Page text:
The US$20 billion agreement between the UAE and South Korea to build four nuclear reactors in the Emirates over the next seven years is epochal.
Seminal atomic accord proves West to East flow
The US$20 billion (Dh73.46bn) agreement between the UAE and South Korea to build four nuclear reactors in the Emirates over the next seven years is epochal in several ways. It is the biggest foreign contract ever awarded by the country and is therefore proof that, despite the credit crisis and short-lived recession, the Emirates has the resources to continue pursuing the goals of its central economic strategy.
It is simultaneously a signal of political maturity that the country was able to negotiate with the international community over the sensitive issue of nuclear power and conclude a deal without any of the uproar that accompanied Iran's declaration of its nuclear ambitions. The confrontation between Iran and the US over the nuclear issue is still the single most serious threat to stability in the region. The UAE's demonstration that there is another way to get world approval for atomic power is a triumph for common sense and good diplomacy.
By far the most significant aspects of the agreement, I believe, are these: the Asian country won the contract in the face of competition from France, the US and Japan had the commercial confidence to go with a comparatively untried partner. It is the latest example of what the historian Niall Ferguson calls the "tilting" of the world from West to East and the most significant illustration yet of the Middle East's pivotal role in that process.
The decision to go with Korea Electric Power Corporation (KEPCO) rather than more established companies in Japan, the US and France was based partly on price considerations. KEPCO could guarantee building costs about a third cheaper than those from the West for the four nuclear plans. At $5bn per reactor, the Koreans' offer demonstrated once more the price competitiveness of Asian industry compared with European and American rivals.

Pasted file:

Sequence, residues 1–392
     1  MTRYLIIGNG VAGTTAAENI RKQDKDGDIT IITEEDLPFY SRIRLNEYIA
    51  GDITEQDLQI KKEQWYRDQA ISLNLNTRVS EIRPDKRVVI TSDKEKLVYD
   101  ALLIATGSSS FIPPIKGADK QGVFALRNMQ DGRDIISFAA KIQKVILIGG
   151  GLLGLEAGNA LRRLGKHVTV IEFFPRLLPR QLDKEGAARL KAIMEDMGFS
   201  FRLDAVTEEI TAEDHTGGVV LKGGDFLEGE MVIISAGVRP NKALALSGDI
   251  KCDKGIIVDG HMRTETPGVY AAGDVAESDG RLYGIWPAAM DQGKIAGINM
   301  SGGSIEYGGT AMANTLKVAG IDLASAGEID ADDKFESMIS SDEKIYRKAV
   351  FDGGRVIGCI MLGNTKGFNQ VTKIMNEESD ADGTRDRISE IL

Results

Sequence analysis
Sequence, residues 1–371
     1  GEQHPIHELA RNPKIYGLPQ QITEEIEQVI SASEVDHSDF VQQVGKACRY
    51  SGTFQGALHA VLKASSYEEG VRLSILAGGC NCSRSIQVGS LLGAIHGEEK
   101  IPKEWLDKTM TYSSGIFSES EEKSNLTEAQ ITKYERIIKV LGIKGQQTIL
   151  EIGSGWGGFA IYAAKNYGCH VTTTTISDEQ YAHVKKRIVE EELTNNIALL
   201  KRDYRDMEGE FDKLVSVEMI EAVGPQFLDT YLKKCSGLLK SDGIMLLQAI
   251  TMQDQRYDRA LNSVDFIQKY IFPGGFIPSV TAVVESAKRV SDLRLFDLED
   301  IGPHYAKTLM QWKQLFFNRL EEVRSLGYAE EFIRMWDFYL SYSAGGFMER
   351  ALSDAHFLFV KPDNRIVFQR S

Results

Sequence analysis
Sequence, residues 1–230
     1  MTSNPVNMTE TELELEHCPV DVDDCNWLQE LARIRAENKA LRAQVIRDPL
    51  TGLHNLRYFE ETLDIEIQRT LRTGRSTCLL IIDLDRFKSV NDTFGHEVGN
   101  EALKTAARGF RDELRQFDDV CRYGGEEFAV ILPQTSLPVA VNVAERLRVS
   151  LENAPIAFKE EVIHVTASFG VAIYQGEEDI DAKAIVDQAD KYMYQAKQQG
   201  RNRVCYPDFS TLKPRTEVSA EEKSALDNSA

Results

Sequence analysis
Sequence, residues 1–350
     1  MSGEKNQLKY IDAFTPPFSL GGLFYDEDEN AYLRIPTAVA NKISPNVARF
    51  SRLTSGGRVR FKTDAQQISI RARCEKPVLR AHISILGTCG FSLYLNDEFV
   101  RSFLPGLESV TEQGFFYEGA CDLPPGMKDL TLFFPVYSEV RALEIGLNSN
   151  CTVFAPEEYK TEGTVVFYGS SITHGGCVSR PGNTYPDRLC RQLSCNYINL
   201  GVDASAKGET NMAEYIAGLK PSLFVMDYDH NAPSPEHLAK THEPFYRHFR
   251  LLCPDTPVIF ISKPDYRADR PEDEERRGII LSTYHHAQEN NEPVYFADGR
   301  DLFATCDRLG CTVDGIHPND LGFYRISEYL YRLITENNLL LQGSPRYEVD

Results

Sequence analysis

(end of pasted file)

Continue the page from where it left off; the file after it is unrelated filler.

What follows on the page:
(Note the complete absence, by the way, of any British involvement in the tendering process. The UK, once a world leader in nuclear technology, these days is not even an also-ran.) The Koreans offered a state-of-the-art design that will enable the plants to supply electricity at much cheaper rates over their 70-year life cycle. Affordable energy is one of the central planks of the UAE energy strategy and dovetails perfectly with Abu Dhabi's Masdar green-power initiative.
Beneath the household practicalities of price and efficiency, there is a grand strategic shift confirmed by the accord. Plenipotentiaries from the UAE have made the long trip to Seoul several times in the past few years to discuss the increasing bilateral trade between the two countries. It was a fairly simple equation: the Koreans got crude oil and the Emirates in return received hi-tech consumer goods. Now we know those UAE delegations had more on their shopping list than dishwashers and digital cameras.
This is not just the cliched "new silk road" in operation. It is confirmation of a historical trend that has been gaining momentum from 1989, when the Chinese premier Deng Xiaoping opened up the country to capitalist practice, ditching the Maoist orthodoxies of the previous 40 years. In doing so, he set in motion the most significant process of the modern age: the flow of financial power and economic power from West to East. In the two decades that have followed his decision, the Chinese economy has grown by a factor of 10 and will be bigger than that of the US in 2027.
The UAE has been influenced by that process of Asian dynamism from the beginning. Dubai's extraordinary growth of the past decade owes a lot to the models of Singapore and Hong Kong, the chief beneficiaries of the economic awakening of the Chinese hinterland. Asian companies played a prominent part in the construction of "new Dubai". Similarly, companies from Korea, Japan and China have been prominent in the Abu Dhabi construction boom.
The global financial crisis has taken the relationship a step further. The subprime contagion that began in the West and then spread to the rest of the world dented confidence in western financial systems. The Gulf countries have good reason not to trust western financial engineering, so why trust their technology? Add in the fact that Asian economies, despite some sharp and painful fallout from the financial crisis, appear to have played the leading role in pulling the world out of recession. Pile on the additional fact that Asian capital savings are going to bankroll western recovery for the foreseeable future and you have the final conclusive arguments for the "tilt" theory.
The UAE nuclear deal shows it, too, is tilting in the right direction. @Email:firstname.lastname@example.org